Fringe group pitches message at post office

Representatives from the Seattle branch of the LaRouche Political Action Committee camped out in front of the Oak Harbor Post Office Thursday afternoon planting impeachment mustard seeds in passersby and presenting information in the face of the occasional physical threat.

Organizer Paul Glumaz explained that the Lyndon LaRouche PAC, considered a radical fringe group by many, has vice president Dick Cheney squarely in their crosshairs. LaRouche is a perennial presidential candidate who has served prison time for tax evasion.

“We want to get Cheney out of office before the end of summer,” he said.

The group is working the Democratic side with House Resolution 333, which was submitted to Congress to impeach Cheney on three articles.

“We’re also moving the Republican side for resignation,” Glumaz said. “We want to implement the Baker-Hamilton Report of the Iraq Study Group and we’re running out of time to do that. And we want to shift the trajectory of this thing which is heading towards war with Russia. We want to have a strategic understanding between Russia and China and the U.S. for a kind of FDR New Deal.”

A female sailor dressed in her Navy whites stopped to chat with LaRouche representative Dave Christie. With visible trepidation, she agreed that Cheney needs to go.

“A lot of us want him out,” she said.

The enmity surrounding Cheney is bipartisan, Glumaz claimed.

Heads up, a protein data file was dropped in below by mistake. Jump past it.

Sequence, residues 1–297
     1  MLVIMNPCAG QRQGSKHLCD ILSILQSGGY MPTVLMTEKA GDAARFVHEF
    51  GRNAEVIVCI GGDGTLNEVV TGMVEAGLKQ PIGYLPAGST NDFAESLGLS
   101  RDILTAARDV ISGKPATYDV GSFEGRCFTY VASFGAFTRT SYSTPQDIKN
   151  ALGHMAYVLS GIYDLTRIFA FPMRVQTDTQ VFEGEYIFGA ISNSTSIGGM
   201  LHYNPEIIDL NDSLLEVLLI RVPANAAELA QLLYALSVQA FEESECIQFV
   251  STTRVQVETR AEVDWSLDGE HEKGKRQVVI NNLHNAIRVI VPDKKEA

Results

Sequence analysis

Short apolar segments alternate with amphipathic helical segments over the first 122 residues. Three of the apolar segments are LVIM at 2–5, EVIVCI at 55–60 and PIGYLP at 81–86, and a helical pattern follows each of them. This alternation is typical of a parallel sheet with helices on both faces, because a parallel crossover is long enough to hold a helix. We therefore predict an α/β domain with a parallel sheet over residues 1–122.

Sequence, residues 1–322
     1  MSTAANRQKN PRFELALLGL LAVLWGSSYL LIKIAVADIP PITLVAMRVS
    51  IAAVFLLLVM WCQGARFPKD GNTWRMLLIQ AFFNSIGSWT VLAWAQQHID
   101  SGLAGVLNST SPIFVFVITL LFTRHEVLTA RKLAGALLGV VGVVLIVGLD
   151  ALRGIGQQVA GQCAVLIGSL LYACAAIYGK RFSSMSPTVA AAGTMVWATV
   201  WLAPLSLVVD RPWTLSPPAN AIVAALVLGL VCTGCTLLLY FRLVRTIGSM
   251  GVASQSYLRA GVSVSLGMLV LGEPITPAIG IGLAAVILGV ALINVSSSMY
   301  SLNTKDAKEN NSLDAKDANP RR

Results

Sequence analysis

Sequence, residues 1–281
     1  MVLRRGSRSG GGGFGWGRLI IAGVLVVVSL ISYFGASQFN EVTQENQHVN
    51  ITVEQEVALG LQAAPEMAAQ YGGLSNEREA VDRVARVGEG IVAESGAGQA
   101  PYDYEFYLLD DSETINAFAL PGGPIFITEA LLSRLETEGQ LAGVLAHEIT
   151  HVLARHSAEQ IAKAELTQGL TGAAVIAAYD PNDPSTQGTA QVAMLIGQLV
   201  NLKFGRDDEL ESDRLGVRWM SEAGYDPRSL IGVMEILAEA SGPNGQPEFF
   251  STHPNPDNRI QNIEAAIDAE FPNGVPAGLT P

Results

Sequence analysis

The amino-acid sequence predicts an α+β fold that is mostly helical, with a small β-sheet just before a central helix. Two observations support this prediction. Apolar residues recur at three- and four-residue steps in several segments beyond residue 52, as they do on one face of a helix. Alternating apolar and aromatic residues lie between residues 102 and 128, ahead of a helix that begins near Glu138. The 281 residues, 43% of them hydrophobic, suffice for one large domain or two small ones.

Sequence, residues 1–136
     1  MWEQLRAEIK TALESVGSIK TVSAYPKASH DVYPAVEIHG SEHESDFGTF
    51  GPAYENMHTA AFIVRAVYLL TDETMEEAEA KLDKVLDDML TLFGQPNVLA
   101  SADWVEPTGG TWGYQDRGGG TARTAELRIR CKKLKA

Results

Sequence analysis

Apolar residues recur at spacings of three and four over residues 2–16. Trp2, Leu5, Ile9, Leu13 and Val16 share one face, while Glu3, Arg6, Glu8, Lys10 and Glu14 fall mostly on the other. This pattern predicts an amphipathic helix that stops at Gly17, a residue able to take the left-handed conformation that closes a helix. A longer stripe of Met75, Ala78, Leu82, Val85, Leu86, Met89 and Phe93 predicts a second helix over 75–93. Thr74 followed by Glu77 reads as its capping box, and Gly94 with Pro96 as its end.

“The issue of Bush is that can he be put under new advisors, new supervision, adult supervision and can he ride out his term,” he said. “If you get rid of Cheney it’s a possibility. But if you don’t, then we have a constitutional crisis and we have a financial crisis.”

Glumaz held a sign reading, “Impeach Cheney First, then the Monkey!” The “monkey” referred to President Bush. Christie engaged each person entering the post office.

“Sir, you ready to send Cheney back to Wyoming?” he asked a man with close-cropped hair.

“Nope,” he replied. “I’m happy with him.”

“You’re the one, huh?” Christie fired back.

One man displaying tattoos that would have been all the rage in Nazi Germany in the 1930s and ‘40s took exception to the LaRouche supporters. He offered to settle the disagreement with the aid of some of his friends, who he said would accompany him to the post office the following day.

“C’mon back tomorrow,” he said. “One more day.”

Glumaz had crossed paths with the man approximately six months before.

“He was making physical threats,” he said. “I’m having deja vu.”

The duo continued to hand out information about LaRouche PAC and kept a stiff upper lip as they rubbed shoulders with local residents.

“Do you realize you’re in a military community?” a woman asked Christie.

“Yes, we do,” he replied.

According to Wikipedia, the LaRouche Movement is an international political and cultural movement that promotes LaRouche and his ideas, including a number of conspiracy theories, which some critics consider antisemitic.

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